I have also seen the accuser's lawyer's recent press conference. I have read the 51-page report she gave to the media. I learned the other set of DNA on the accuser's body that night, which Meggs specifically said was one of the biggest problems with the case, was from her boyfriend who was not even in the state of Florida at the time of the alleged assault. She detailed even more evidence of the Tallahassee Police Department's bungling of this case.

I do not know what to think.

Of course, there are people who will yell at me for being ambivalent or for questioning the outcome, since no charges were pressed against Winston. There will be calls of "innocent before proven guilty." To them, I say this: only 10 percent of rapists are charged, only eight percent go to trial and only three percent to jail. If we are waiting for the judicial system to definitively say a rape occurred, the odds are extremely low that it will ever happen. It almost never happens.

I am not a person who can operate in some neutral space where I put aside the many women in my life who have been assaulted, plenty of them failed by the police who should be protecting them, and many whose communities did not believe them. And I know the stories of men falsely accused of rape (and especially the terrible history of black men accused by white women) and the damage those lies can do. I also know, though, that we live in a society that loves nothing more than to demonize a woman who claims she was assaulted. Only two to eight percent of rape reports are false. According to The National Center for the Prosecution of Violence Against Women, "the American public dramatically overestimates the percentage of sexual assault reports that are false."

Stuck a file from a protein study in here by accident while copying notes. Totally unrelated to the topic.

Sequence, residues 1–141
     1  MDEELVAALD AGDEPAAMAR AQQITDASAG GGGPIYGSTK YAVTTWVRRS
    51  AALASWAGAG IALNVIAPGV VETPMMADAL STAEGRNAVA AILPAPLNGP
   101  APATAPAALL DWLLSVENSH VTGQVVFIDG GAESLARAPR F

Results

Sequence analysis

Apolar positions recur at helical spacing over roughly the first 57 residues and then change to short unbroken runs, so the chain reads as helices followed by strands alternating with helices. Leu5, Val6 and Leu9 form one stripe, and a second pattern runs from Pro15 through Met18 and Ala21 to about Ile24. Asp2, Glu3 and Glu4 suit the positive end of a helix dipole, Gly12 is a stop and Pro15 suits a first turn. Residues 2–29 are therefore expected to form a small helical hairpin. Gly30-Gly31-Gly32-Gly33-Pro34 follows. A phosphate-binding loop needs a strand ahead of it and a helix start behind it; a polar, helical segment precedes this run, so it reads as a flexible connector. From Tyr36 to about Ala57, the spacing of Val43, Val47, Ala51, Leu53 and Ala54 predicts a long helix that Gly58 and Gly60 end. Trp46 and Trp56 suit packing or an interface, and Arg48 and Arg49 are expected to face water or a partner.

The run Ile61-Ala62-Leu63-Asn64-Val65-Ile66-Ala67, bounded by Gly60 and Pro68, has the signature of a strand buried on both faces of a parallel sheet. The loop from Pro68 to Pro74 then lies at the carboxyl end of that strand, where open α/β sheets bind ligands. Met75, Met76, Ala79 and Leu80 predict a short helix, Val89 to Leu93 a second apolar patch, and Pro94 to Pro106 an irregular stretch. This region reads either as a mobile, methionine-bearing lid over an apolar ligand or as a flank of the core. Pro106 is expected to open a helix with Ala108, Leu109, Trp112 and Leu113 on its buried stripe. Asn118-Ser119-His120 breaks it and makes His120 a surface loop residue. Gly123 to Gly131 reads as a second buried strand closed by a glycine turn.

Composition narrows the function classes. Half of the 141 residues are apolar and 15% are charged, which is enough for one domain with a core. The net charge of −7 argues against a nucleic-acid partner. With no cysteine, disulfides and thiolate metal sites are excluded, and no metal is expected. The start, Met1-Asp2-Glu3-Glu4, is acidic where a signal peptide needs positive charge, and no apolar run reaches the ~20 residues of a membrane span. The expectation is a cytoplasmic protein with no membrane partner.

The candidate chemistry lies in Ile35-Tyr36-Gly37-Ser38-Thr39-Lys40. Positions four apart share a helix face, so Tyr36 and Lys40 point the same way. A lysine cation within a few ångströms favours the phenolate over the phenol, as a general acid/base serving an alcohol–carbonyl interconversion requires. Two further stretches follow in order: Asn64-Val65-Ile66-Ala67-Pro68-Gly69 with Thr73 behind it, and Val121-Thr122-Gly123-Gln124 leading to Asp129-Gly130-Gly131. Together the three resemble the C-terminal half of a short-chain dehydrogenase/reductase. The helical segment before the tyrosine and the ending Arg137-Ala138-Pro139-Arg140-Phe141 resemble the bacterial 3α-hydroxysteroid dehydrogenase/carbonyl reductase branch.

Though Meggs not pressing charges gave one resolution to this case, that does not mean there is a definitive resolution about what took place that night. I can understand why Meggs did not take this case to court. But I can also understand why the woman's lawyer wants the attorney general of Florida to investigate the Tallahassee Police Department's handling of this case, and I can understand why the woman maintains she was raped.

So here we are now in the hazy middle. This case is solid gray with no hope of ever becoming clearly black and white.

* * *

My team is finally, once again, playing for the national championship. The great, life-long hold that FSU football has on my heart is warring with what I know (and what I don't) about the quarterback who will lead the team onto the field next month.

There will be people who think I should, somehow, be able to turn off my brain or compartmentalize my knowledge. I simply cannot, though a part of me wishes I could watch the game detached from all of this. The FSU fan in me is desperate to feel the high of cheering on my team as it fights to be national champions. I think back to my 1999-2000 self, a student who paid little attention to the details of off-field problems and focused on the play on the field. Ignorance, as they say, is bliss.

I bleed garnet and gold, but that blood now flows into a brain that is no longer ignorant nor blissful. And all of it together makes my heart hurt.

* * *

Jessica Luther is a writer and journalist who lives in Austin, Texas. Her writing on sports have appeared at the Guardian, the Atlantic, Salon, Think Progress, RH Reality Check, and in The Texas Observer. Her site and podcast about sports and culture is Power Forward.